We have evaluated the usefulness of whole exome sequencing as a diagnostic approach for autosomal dominant muscular dystrophy by examining the extent of high quality sequence coverage of known muscle disease genes while searching for disease-causing variants. Exome sequencing was performed to aid in the identification of the disease-causing variants in two families with autosomal dominant forms of muscular dystrophy, LGMD2359 and LGMD2692.
LGMD2359 mutation, DES IVS3+3 A>G.
Filtering and Sanger sequencing of variants identified through exome sequencing in LGMD2359 affected individuals revealed one variant that is rare, fits the expected inheritance pattern, and is located within a gene known to be involved in muscle disease pathogenesis. The variant alters a base at the splicing position IVS3+3 in desmin (DES) from an A to a G, and Sanger sequencing shows that it was present in a heterozygous state in four affected individuals as well as in four individuals of questionable disease status. Desmin is an intermediate filament found in striated muscle that forms a three-dimensional scaffold that crosses the myofibril . The filaments surround the Z-disk, associate with the sarcolemma at costameres, and form links to cytoplasmic organelles and the nucleus . Mutations in DES disrupt the normal desmin intermediate filament networks and are known to cause a form of myofibrillar myopathy with a limb-girdle phenotype and/or cardiomyopathy , , . The splicing variant DES IVS3+3 A>G results in the excision of the third exon of desmin, aggregate formation, and the disruption of these networks as first shown by Park et al , . More recently, Greenberg et al identified this variant as the cause of disease in a family previously associated with the locus LGMD1D . Since the splicing variant has been shown in multiple families with similar phenotypes and functional work has shown that the variant affects protein function, we believe that the mutation DES IVS3+3 A>G is responsible for the skeletal and cardiac muscle disease in family LGMD2359. Additionally, we have learned that testing for desmin mutations was recommended to some members of the family; the clinical test identified the DES IVS3+3 A>G splicing mutation as well.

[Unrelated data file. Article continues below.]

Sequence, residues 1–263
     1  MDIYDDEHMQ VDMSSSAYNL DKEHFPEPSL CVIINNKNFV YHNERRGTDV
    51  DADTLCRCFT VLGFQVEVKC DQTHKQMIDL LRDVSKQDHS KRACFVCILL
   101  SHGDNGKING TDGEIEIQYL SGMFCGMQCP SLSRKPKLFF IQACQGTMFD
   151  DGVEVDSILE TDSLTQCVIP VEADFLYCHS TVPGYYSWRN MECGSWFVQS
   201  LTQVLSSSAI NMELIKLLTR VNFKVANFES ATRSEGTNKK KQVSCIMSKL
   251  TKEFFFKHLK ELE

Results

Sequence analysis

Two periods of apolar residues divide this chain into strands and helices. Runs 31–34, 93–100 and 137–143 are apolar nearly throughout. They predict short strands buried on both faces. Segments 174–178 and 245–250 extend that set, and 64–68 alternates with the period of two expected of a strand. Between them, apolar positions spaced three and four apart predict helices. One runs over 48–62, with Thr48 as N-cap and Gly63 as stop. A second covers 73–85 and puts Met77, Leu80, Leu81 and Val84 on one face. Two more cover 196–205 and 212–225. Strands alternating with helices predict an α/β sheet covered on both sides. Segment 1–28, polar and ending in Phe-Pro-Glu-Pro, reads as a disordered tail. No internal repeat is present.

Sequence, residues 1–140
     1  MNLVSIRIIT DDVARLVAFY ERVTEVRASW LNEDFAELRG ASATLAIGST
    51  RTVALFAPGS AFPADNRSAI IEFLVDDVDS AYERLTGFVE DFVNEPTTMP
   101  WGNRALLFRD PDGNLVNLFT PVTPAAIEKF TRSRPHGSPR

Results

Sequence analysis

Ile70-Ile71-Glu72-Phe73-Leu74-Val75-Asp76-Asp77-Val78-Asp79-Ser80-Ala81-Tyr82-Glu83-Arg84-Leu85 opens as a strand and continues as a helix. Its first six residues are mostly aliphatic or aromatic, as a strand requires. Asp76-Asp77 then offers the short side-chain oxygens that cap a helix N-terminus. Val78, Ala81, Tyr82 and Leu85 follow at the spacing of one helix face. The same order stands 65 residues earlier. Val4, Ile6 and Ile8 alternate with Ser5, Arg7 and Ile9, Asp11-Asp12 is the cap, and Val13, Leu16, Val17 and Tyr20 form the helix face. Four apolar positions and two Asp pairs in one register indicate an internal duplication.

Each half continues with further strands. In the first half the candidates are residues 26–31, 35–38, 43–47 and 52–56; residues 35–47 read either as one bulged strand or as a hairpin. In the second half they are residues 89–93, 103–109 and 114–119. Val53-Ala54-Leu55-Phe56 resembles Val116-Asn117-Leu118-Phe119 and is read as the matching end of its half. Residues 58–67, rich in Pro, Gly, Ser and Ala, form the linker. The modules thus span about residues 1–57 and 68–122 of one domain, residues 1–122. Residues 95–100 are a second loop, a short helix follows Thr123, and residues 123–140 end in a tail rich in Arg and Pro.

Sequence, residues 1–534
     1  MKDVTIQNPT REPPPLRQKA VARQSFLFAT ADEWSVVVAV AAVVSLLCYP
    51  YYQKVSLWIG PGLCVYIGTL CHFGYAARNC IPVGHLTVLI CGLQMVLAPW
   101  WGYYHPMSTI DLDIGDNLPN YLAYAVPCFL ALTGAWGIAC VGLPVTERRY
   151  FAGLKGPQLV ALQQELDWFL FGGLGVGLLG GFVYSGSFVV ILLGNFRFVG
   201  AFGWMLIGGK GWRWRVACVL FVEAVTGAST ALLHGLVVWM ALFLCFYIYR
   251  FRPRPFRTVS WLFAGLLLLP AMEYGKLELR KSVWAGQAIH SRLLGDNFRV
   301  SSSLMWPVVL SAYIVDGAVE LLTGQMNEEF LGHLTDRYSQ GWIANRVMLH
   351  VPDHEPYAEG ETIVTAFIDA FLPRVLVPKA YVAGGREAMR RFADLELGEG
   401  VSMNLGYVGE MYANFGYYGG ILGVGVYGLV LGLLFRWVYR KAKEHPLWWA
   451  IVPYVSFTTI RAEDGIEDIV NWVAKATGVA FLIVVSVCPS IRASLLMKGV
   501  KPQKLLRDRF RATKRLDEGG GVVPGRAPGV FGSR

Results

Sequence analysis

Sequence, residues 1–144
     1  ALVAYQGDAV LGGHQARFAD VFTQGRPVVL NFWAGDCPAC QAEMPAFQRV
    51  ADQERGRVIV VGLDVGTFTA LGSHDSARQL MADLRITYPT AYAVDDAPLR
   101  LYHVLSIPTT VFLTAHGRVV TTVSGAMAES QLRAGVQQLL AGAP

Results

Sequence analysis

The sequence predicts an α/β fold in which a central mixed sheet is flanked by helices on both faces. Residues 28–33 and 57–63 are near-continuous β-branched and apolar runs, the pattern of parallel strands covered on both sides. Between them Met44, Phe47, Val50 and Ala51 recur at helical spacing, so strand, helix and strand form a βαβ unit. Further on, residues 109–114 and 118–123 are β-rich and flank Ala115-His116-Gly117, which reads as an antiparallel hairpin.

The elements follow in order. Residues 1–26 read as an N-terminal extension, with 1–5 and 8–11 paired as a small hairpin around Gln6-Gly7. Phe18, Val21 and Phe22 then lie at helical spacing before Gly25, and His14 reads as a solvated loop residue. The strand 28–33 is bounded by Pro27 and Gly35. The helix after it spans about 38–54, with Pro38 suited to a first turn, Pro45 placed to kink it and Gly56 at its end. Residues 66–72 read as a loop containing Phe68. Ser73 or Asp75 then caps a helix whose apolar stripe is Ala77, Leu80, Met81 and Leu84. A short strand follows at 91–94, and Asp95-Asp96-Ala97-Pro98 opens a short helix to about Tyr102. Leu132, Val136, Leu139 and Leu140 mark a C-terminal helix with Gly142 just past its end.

Interestingly, because it is not in a canonical splice site, the functional annotation fields in SeattleSeq 131 did not indicate that it is a splicing variant. Use of the “distancetosplice” field for filtering, however, did result in easy identification of the variant although it does include synonymous variants. More recently, SeattleSeq 134 added a “near-splice” annotation that can also be used for filtering splice variants. It is important for researchers to understand how splice sites are defined by the annotation program they use.
LGMD2692 mutation, FLNC p.W2710X.
Filtration of exome sequencing variants in LGMD2692 resulted in the identification of a nonsense mutation at protein position 2710 in filamin C (FLNC). The filamins are involved in organizing actin networks and link them to cellular membranes , . FLNC p.W2710X is located within the dimerization domain and causes autosomal dominant myofibrillar myopathy with a limb-girdle phenotype. This alteration prevents proper dimerization and increases susceptibility to proteolysis, resulting in the accumulation of cytoplasmic aggregates in the muscles of patients , . Family LGMD2692 is of German origin, as are multiple other families with this mutation .
Challenges of identifying mutations with exome sequencing.